“Is that right?”

“Damn right. Winning touchdown. Crossed the end zone in glory. And then I got creamed.”

At the main-deck cafeteria, they stood in line for coffee. “Actually, I would’ve thought you’d be in bright and early today,” Benedict said. “Isn’t this the big day at DigiCom?”

Sanders got his coffee, and stirred in sweetener. “How’s that?”

“Isn’t the merger being announced today?”

“What merger?” Sanders said blandly. The merger was secret; only a handful of DigiCom executives knew anything about it. He gave Benedict a blank stare.

“Come on,” Benedict said. “I heard it was pretty much wrapped up. And that Bob Garvin was announcing the restructuring today, including a bunch of new promotions.” Benedict sipped his coffee. “Garvin is stepping down, isn’t he?”

Sanders shrugged. “We’ll see.” Of course Benedict was imposing on him, but Susan did a lot of work with attorneys in Benedict’s firm; Sanders couldn’t afford to be rude. It was one of the new complexities of business relations at a time when everybody had a working spouse.

The two men went out on the deck and stood by the port rail, watching the houses of Bainbridge Island slip away. Sanders nodded toward the house on Wing Point, which for years had been Warren Magnuson’s summer house when he was senator.

“I hear it just sold again,” Sanders said.

“Oh yes? Who bought it?”

“Some California asshole.”

Bainbridge slid to the stern. They looked out at the gray water of the Sound. The coffee steamed in the morning sunlight. “So,” Benedict said. “You think maybe Garvin won’t step down?”

“Nobody knows,” Sanders said. “Bob built the company from nothing, fifteen years ago. When he started, he was selling knockoff modems from Korea. Back when nobody knew what a modem was. Now the company’s got three buildings downtown, and big facilities in California, Texas, Ireland, and Malaysia. He builds fax modems the size of a dime, he markets fax and E-mail software, he’s gone into CD-ROMs, and he’s developed proprietary algorithms that should make him a leading provider in education markets for the next century. Bob’s come a long way from some guy hustling three hundred baud modems. I don’t know if he can give it up.”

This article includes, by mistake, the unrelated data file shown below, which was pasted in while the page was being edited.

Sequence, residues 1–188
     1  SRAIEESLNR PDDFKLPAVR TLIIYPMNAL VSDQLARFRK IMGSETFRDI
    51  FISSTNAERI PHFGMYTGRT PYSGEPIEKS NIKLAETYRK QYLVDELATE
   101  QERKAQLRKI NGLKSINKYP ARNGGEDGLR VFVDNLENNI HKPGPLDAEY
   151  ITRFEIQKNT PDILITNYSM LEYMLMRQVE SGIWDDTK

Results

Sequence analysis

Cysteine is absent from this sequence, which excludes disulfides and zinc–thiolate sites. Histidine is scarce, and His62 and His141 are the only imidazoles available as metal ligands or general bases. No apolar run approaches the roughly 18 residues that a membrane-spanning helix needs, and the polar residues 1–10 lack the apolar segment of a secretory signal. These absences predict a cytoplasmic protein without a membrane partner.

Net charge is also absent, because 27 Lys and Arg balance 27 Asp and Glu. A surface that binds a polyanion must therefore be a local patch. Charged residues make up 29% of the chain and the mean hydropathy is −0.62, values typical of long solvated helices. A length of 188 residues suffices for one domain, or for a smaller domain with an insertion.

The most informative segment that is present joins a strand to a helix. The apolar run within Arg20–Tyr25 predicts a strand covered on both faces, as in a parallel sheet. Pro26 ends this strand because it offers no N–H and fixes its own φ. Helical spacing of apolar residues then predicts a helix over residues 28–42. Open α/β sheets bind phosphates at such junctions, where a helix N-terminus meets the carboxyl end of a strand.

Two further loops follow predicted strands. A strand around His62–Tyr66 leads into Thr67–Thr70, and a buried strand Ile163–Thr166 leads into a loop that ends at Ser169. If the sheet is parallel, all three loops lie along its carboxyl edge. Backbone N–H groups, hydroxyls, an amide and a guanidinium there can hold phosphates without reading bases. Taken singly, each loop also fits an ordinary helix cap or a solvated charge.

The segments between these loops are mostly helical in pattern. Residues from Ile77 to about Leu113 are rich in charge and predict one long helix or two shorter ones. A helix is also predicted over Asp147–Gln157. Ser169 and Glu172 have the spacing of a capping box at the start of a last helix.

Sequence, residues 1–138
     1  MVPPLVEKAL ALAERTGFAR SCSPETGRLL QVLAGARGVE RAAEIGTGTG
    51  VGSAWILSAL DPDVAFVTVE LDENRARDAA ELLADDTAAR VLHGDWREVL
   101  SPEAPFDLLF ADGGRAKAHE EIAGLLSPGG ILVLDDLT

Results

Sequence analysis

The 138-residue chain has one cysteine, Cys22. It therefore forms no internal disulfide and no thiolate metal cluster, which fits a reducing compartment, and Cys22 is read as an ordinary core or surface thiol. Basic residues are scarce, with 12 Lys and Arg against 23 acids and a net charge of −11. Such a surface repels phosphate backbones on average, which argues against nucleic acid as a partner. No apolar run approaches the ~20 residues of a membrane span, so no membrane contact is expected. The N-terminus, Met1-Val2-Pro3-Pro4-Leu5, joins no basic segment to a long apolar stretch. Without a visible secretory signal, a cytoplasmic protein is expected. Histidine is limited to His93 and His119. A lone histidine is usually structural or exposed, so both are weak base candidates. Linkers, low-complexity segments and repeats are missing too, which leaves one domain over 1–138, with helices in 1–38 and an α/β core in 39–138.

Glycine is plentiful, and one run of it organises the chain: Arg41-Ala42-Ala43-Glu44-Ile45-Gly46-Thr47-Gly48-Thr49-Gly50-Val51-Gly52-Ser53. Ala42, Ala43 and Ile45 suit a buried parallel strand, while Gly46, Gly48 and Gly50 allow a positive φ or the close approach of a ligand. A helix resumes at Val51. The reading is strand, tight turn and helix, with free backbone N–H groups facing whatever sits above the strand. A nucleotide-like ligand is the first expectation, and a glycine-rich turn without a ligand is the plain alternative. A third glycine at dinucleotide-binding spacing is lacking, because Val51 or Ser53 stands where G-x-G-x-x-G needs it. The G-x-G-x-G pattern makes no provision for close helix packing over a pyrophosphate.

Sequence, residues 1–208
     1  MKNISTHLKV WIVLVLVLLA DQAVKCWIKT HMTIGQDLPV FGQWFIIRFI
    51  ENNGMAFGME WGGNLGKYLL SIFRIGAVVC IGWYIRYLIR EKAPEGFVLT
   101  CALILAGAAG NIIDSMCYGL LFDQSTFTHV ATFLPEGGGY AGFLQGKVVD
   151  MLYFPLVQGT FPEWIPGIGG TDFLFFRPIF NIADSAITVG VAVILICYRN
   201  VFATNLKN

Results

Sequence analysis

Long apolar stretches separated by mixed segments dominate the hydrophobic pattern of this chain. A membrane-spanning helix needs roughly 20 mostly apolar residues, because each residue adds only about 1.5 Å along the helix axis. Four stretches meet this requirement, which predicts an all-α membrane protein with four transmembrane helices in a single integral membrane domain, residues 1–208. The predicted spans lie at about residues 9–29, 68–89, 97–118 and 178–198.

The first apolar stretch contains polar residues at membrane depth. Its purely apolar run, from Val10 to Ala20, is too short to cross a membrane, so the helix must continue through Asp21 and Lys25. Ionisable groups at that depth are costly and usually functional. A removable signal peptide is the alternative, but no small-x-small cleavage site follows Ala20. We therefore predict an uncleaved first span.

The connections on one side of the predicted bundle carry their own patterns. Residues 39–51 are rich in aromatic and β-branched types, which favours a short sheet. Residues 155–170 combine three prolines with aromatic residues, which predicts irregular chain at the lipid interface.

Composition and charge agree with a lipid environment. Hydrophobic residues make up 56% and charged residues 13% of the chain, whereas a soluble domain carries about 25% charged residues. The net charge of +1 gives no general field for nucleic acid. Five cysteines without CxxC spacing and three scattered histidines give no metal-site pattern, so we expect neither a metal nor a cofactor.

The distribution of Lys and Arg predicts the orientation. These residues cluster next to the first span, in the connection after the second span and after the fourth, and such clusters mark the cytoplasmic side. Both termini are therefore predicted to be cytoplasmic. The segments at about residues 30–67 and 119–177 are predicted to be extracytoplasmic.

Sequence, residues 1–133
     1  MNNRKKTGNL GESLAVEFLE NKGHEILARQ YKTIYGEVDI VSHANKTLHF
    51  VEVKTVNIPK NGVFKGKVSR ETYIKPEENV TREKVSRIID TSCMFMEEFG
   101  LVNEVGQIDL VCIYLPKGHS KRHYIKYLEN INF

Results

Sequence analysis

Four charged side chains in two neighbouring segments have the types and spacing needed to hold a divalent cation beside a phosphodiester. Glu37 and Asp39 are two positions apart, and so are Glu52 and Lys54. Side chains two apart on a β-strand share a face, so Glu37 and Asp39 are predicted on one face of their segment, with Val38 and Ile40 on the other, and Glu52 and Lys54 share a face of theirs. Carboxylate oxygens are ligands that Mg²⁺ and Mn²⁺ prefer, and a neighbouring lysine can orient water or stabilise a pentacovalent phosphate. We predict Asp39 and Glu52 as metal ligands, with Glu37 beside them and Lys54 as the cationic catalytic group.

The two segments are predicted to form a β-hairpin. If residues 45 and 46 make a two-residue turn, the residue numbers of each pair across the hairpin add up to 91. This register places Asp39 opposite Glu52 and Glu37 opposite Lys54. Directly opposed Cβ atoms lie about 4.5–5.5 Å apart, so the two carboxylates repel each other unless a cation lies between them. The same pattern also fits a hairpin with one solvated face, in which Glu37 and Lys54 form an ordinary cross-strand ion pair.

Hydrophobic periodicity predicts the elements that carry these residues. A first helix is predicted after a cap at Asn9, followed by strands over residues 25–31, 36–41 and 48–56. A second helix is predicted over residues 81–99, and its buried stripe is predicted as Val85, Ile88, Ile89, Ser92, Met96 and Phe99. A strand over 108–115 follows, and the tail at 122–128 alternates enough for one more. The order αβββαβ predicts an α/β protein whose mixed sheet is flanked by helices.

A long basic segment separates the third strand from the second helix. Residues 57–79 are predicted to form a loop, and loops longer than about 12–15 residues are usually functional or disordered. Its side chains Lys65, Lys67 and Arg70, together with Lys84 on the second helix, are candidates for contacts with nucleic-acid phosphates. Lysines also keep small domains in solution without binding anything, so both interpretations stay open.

“Don’t the terms of the merger require it?”

Sanders smiled. “If you know about a merger, Dave, you should tell me,” he said. “Because I haven’t heard anything.” The truth was that Sanders didn’t really know the terms of the impending merger. His work involved the development of CD-ROMs and electronic databases. Although these were areas vital to the future of the company—they were the main reason Conley-White was acquiring DigiCom—they were essentially technical areas. And Sanders was essentially a technical manager. He was not informed about decisions at the highest levels.

For Sanders, there was some irony in this. In earlier years, when he was based in California, he had been closely involved in management decisions. But since coming to Seattle eight years ago, he had been more removed from the centers of power.

Benedict sipped his coffee. “Well, I hear Bob’s definitely stepping down, and he’s going to promote a woman as chairman.”

Sanders said, “Who told you that?”